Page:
What Is Emotional Incest?

Medically Reviewed by Poonam Sachdev on October 07, 2022
5 min read

Do you know someone who claims that their parent is their best friend, but the parent's teasing and joking makes them uncomfortable? Or maybe you’ve dated someone who drops everything to run to their parent’s side when the parent needs emotional support. This type of too-close parent-child relationship is common. On the one hand, if a parent and child are close and feel comfortable sharing life experiences and feelings with each other, this is usually a good thing. 

On the other extreme end of this spectrum, the parent might depend on the child as a surrogate partner. This is called emotional incest. The child's other parent might be emotionally or physically absent, abusive, or deceased. 

Emotional incest can cause long-term damage throughout a child’s life. Learn how to spot the signs of dysfunction before it's too late to change this unhealthy pattern.

According to Bowlby’s attachment theory in psychology, the mother, or the parental figure most closely raising the child, is responsible for providing the child with a secure attachment within the first three years of their life. When the child doesn’t form any healthy attachment, they might struggle with relationships as an adult. When the parent-child bond is too anxious, or too close, it can also cause problems for the child. It might result in enmeshment.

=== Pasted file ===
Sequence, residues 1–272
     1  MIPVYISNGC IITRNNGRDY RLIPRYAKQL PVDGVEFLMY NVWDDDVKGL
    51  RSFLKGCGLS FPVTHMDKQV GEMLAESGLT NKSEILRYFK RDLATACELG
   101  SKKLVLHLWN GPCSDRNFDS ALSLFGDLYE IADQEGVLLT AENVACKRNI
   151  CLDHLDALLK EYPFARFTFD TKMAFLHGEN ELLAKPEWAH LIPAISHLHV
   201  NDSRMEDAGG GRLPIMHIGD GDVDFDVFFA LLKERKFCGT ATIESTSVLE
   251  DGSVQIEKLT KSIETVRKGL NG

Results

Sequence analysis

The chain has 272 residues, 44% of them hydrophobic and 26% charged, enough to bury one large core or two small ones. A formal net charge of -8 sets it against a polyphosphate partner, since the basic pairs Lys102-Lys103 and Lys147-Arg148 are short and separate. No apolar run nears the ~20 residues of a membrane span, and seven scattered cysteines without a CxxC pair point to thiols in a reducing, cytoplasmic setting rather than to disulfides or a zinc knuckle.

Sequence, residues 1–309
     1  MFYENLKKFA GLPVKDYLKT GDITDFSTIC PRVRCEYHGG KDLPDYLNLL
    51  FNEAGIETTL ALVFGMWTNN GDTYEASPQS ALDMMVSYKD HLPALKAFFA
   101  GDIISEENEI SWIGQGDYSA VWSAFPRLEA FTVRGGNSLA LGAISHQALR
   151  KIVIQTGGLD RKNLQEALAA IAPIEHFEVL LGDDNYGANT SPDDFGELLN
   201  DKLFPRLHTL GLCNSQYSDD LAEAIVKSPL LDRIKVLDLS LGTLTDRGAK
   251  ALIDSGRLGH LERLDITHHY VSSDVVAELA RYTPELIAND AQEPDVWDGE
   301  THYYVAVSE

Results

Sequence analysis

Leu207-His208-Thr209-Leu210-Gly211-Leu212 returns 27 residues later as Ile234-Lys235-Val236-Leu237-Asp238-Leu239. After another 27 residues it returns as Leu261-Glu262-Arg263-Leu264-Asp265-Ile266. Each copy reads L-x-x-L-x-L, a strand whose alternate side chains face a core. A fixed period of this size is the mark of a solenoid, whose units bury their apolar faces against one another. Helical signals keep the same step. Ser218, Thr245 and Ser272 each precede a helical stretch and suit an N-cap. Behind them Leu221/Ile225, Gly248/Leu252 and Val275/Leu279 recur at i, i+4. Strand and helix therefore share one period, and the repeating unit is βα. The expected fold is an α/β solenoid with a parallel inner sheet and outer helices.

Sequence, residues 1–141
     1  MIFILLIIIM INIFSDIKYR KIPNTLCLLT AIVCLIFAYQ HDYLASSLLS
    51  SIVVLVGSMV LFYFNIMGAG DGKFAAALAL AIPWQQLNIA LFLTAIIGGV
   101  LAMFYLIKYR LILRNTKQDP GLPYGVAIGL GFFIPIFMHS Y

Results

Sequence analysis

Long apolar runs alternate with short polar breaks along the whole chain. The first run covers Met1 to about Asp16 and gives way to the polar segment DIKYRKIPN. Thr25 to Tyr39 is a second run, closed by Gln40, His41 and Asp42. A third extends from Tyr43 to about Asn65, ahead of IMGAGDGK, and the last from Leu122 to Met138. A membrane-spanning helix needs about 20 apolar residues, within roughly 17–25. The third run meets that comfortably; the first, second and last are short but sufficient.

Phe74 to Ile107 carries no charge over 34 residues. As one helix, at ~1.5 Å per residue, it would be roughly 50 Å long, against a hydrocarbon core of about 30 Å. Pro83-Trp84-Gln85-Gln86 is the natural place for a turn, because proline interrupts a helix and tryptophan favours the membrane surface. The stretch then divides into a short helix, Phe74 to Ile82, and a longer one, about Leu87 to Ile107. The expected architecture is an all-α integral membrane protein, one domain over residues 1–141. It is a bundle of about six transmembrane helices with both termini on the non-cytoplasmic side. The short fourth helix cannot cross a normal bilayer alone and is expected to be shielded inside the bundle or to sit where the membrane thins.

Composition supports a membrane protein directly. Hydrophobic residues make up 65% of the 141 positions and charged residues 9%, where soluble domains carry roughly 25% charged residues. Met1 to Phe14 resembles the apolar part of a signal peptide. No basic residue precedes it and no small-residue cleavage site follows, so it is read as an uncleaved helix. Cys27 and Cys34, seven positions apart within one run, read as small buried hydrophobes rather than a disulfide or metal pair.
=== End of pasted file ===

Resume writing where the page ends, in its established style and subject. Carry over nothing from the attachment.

Enmeshment means there are few or no boundaries between the people in a relationship. Your problems become their problems, their hurts become your hurts, and so on. Parent-child duos locked in an emotionally incestuous relationship struggle with boundaries. The child grows up thinking that this lack of boundaries equates to love.

Enmeshment in families can affect a child’s self-esteem, as they're unable to develop an identity outside of their too-close family. Emotional incest might begin with innocent intentions, like when a spouse dies and the remaining parent can't cope with their grief and loneliness. This parent then turns to the child for comfort. This creates a cycle of the parent leaning on the child for support when it should be the other way around.

Signs of emotional or covert incest between a parent and a child may cause the following situations:

  • The child feels like they have to care for the parent’s emotional needs.
  • The child seems overly mature for their age due to parentification (the parent treating the child as their parent instead of the other way around).
  • The parent panics or seems jealous when the child has a romantic partner or close friendship that doesn't involve the parent. In extreme cases, the child doesn’t develop any other close relationships.
  • The child struggles with emotional neglect despite the seeming “closeness” of their bond with their parent. Childhood emotional neglect can have disastrous consequences, including problems in school and an increased risk of depression later in life.
  • The child claims that the parent is their best friend but also seems to hate the parent at times and feel obligated to be there for them.

Unfortunately, enmeshment and emotional incest can cause damage in the short term and in the long term. A child might grow up feeling the burden of their parent’s feelings and responsibilities while neglecting their own. The parent is not able to let their child grow and develop at a healthy pace in this type of dysfunctional relationship.

The short-term effects of emotional incest include: